Tuesday, May 15, 2007

Open Communication


Teach a man to fish the old saying goes and he is soon faced with the travails of competition, oversupply and diminishing demand- while not a faithful rendering of the traditional tale an accurate account, at least, of the recent state of affairs for fishermen in kerala as told in an article in the Economist.


The story outlines how the ready availability and use of cell phones has opened up new pockets of demand to fishermen who otherwise were once forced to sell their hauls at devalued prices in saturated local markets.

The cell phone as a fixture in every strata of Indian society today owes a large debt to the enlightened vision of the late
Dhirubhai Ambani, former CEO and founder of Reliance Industries.

The story might well some day assume a mythic status on the retelling such was the seismic shift it caused in the country at the time.

Telephone calls across the length and breadth of India at negligible rates of pennies a call: Ambani's dream entailed laying down a massive infrastructure of fibre optic cables across land that often had largely remained free of modern innovation. Reliance possessed the enormous capital to finance the undertaking but the scale, ambition and risk undertaken in the venture was awe inspiring. It is well described here in an article in SupplyChainBrain.com.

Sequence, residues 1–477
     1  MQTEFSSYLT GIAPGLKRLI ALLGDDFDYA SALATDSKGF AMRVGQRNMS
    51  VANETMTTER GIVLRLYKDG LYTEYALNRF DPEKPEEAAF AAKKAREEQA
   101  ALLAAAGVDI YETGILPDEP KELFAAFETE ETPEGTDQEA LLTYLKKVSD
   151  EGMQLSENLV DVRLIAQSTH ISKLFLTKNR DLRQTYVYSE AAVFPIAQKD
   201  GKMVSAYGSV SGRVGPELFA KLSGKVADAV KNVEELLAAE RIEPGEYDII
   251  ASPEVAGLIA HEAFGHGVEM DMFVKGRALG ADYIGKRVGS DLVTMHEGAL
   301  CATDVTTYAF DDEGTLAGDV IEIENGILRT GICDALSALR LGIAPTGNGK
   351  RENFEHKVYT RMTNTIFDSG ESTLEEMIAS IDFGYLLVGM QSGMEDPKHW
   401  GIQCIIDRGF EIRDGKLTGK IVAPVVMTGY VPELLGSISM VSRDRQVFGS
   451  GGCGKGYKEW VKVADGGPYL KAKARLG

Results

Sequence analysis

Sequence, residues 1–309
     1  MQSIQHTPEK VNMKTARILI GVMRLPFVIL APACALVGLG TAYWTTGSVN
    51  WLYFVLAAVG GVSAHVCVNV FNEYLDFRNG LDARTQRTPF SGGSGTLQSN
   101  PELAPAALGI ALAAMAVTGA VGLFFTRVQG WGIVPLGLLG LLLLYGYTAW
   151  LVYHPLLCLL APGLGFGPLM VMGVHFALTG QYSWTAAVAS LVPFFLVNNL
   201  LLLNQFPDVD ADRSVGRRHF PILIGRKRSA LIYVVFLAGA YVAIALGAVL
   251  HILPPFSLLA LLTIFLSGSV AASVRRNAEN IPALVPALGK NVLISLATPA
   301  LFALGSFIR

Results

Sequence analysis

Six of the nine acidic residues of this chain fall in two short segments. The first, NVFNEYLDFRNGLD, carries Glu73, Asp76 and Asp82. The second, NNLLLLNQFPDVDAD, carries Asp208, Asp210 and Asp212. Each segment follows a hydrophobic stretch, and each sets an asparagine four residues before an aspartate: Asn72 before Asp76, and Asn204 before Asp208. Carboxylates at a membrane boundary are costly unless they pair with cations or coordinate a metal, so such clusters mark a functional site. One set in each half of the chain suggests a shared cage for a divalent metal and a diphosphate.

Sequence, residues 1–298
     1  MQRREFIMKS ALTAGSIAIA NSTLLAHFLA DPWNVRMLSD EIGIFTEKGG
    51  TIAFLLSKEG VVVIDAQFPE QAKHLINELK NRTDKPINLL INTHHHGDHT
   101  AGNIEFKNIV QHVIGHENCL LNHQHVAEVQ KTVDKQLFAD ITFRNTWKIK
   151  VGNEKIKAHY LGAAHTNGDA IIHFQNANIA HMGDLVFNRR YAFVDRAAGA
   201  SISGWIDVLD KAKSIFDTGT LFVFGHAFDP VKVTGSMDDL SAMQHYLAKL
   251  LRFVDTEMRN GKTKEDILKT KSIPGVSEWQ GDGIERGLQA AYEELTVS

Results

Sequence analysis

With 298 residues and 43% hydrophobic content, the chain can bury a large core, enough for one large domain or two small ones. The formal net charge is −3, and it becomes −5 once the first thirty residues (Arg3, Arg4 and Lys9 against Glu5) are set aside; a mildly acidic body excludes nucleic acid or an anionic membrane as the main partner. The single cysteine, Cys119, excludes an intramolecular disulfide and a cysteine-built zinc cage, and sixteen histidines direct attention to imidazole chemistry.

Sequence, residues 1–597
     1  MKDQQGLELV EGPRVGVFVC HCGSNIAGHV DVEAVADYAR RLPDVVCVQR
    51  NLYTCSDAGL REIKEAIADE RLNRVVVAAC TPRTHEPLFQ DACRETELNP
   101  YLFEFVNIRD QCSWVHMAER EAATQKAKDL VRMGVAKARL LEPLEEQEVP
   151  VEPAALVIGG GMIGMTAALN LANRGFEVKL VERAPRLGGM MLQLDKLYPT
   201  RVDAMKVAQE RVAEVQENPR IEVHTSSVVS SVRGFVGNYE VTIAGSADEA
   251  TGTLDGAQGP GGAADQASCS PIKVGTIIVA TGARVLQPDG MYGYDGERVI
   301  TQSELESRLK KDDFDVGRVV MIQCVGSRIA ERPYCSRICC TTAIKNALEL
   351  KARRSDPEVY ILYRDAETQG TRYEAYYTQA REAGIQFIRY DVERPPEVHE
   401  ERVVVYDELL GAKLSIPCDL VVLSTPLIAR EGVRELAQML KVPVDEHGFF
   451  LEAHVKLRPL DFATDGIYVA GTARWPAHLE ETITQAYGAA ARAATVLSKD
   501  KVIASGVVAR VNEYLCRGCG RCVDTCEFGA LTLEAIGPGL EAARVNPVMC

Overnight the telecommunications industry was transformed in India. For anyone who was there at the time the results were immediately apparent. It became commonplace to see people everywhere walking around with cell phones glued to their ears where weeks before there had been few. Talk was cheap but it translated into action as well as the Kerala Fishmerman story readily attests.

Now Sun Industries is hoping to up the ante as CNET reports.

The server and software company hopes to sell a version of Java to phone companies that will bring network access to the world's computers, executives said here at the JavaOne trade show.
This appears the next phase. Sun's new gambit has given them the edge in the ongoing drive by Computer giants to tap into combining Wi-Fi networks into low priced handsets for really dirt cheap universal access to the Internet not to mention using Voip to make calls across the world at next to no expense.


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